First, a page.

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Horses helping those with autism
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Horses helping those with autism

Autism is a complex disorder of brain development. It has many signs and symptoms including difficulty with social interaction, verbal and non-verbal communication and repetitive behaviors.

Autism seems to begin at the brain’s very earliest development. The most obvious signs of autism seem to appear between the ages of 2 and 3. Autism or ASD is a wide-spectrum disorder. This means that no two people with autism will have exactly the same symptoms. As well as experiencing varying combinations of symptoms, some people will have mild symptoms while others will be more severe.

Therapists have recommended that children with autism work with horses. Autistic riders learn to communicate verbally and physically with their horse, and they can see the immediate result of their communication when the horse reacts. They learn to focus on something outside themselves, an important step for autistic children. They also learn to communicate and interact with other people as they work with instructors. Children build trusting relationship that is instantly rewarding, and life-changing.

Equine therapy works because many children on the autism spectrum appear to form deep connections with horses and horseback riding. For many, the activity leads to new confidence and improved language skills. That's important, since many children with classic autism are either nonverbal or minimally verbal.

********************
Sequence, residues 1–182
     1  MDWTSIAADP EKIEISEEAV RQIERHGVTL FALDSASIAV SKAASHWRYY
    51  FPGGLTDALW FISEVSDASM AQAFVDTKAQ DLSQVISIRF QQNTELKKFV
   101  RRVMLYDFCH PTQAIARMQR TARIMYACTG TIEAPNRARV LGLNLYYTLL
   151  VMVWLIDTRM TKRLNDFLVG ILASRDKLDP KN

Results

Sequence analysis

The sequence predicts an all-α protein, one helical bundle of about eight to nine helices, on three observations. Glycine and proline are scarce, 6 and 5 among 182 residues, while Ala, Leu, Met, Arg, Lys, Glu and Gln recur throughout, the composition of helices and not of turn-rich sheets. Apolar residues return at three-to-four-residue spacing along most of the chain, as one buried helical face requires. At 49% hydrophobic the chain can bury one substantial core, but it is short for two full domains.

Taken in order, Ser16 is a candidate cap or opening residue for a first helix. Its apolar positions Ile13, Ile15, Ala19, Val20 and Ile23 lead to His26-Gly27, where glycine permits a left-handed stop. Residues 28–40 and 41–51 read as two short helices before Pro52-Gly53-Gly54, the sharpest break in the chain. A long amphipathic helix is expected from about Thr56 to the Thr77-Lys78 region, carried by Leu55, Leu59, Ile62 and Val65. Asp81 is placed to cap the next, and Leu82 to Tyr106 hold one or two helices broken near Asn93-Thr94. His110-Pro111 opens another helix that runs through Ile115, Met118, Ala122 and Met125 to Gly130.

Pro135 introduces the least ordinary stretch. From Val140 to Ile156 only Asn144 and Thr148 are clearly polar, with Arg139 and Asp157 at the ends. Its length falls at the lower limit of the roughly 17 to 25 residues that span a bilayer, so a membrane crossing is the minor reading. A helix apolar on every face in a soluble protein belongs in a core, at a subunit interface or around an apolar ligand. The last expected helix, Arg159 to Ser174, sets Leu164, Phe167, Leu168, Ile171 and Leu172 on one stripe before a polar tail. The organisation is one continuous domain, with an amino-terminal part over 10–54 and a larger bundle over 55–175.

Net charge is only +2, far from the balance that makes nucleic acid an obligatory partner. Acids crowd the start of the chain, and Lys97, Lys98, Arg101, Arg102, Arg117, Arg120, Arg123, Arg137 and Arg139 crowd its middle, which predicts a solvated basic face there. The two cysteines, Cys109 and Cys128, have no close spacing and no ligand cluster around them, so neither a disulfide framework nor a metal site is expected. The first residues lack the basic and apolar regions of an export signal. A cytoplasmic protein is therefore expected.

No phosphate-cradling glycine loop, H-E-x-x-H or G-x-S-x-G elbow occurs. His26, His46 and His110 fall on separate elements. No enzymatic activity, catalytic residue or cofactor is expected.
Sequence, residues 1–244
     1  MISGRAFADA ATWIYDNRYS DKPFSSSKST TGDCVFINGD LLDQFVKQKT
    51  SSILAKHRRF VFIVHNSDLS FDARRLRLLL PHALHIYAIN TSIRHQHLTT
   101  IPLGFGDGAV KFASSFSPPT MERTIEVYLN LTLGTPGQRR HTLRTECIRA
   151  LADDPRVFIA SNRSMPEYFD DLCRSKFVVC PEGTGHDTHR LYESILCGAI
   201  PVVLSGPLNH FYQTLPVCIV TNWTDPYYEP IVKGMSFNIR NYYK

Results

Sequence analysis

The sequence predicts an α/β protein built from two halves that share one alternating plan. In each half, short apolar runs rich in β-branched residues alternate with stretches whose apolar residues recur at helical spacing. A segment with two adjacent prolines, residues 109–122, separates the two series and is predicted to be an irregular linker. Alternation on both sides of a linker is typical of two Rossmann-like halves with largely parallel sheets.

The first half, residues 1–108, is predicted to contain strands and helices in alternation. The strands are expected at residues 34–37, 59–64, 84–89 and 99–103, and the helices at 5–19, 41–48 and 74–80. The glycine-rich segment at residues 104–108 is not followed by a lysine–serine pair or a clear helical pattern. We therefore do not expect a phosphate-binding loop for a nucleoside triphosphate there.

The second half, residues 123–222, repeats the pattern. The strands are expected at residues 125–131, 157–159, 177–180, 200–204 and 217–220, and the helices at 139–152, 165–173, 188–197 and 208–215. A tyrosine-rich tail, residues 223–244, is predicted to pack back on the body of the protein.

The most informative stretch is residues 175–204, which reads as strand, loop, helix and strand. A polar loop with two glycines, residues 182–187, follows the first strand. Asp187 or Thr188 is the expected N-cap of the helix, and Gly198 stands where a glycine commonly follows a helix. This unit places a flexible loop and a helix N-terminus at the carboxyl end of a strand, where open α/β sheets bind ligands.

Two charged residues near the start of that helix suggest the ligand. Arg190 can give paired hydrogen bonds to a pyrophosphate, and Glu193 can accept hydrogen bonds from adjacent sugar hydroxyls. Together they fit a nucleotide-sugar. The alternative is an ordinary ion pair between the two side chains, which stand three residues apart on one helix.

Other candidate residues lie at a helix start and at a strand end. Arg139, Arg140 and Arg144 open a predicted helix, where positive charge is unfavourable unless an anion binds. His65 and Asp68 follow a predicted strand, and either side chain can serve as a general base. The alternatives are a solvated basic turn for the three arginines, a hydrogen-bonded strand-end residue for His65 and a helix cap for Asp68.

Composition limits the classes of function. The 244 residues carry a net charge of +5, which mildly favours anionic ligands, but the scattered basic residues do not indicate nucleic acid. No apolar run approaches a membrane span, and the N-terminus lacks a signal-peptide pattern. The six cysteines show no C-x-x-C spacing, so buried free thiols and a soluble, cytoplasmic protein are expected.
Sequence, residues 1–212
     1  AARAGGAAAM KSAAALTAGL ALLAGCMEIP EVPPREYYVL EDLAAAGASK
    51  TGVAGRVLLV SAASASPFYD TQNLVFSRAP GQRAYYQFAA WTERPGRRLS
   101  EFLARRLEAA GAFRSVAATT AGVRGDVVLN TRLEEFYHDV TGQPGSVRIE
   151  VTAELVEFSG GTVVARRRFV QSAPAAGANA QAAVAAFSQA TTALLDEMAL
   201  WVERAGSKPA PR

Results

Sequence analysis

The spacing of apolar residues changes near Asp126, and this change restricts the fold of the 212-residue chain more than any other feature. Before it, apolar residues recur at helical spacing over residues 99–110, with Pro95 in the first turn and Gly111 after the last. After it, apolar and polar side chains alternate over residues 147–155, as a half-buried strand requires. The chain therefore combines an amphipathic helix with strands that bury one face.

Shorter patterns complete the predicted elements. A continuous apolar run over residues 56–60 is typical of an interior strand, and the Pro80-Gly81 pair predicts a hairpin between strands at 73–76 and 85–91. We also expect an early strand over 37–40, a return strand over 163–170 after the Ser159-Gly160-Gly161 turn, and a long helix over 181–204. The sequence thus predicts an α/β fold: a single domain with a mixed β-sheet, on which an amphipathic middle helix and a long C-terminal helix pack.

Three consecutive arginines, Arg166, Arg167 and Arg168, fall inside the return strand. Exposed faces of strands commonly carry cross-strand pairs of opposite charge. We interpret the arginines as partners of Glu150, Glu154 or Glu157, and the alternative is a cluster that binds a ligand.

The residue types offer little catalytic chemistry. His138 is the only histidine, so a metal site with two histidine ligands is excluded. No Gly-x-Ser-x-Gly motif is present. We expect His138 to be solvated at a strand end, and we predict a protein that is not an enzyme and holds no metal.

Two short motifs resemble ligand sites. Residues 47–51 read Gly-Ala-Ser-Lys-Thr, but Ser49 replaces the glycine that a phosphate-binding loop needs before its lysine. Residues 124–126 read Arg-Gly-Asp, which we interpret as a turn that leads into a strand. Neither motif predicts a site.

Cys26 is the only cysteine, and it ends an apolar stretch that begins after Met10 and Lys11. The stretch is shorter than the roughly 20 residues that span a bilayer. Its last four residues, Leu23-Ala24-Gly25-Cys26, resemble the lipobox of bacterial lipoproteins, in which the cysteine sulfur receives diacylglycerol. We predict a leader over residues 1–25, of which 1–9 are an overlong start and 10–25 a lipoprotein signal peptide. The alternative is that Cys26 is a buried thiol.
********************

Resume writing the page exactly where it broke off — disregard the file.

Experts say that the mental benefits of Equine therapy are substantial. On a horse, children who lacked the ability to move can suddenly do so; they can go where they want as fast as they want. Sensory skills also benefit, and patients learn to be attentive and must focus on fine motor movements while riding. A horse's steady rhythm can teach children how to pace their social interactions.

Children and horses often are paired because the two have a natural amity for each other. Horses require a great deal of attention, which means the child, must concentrate on caring for the horse rather than worrying about his or her own problems.

Taking care of a horse also instills a sense of responsibility, and bonding with a horse can be the first step in developing a child's ability to bond with people

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Leave a Comment

  1. evgr
    Awesome!
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  2. naturegirl
    This is a very complex theme and one that I believe should be looked into more. Voted! Don't forget to stop by my new piece and vote! Thanks!
    Log in to reply.

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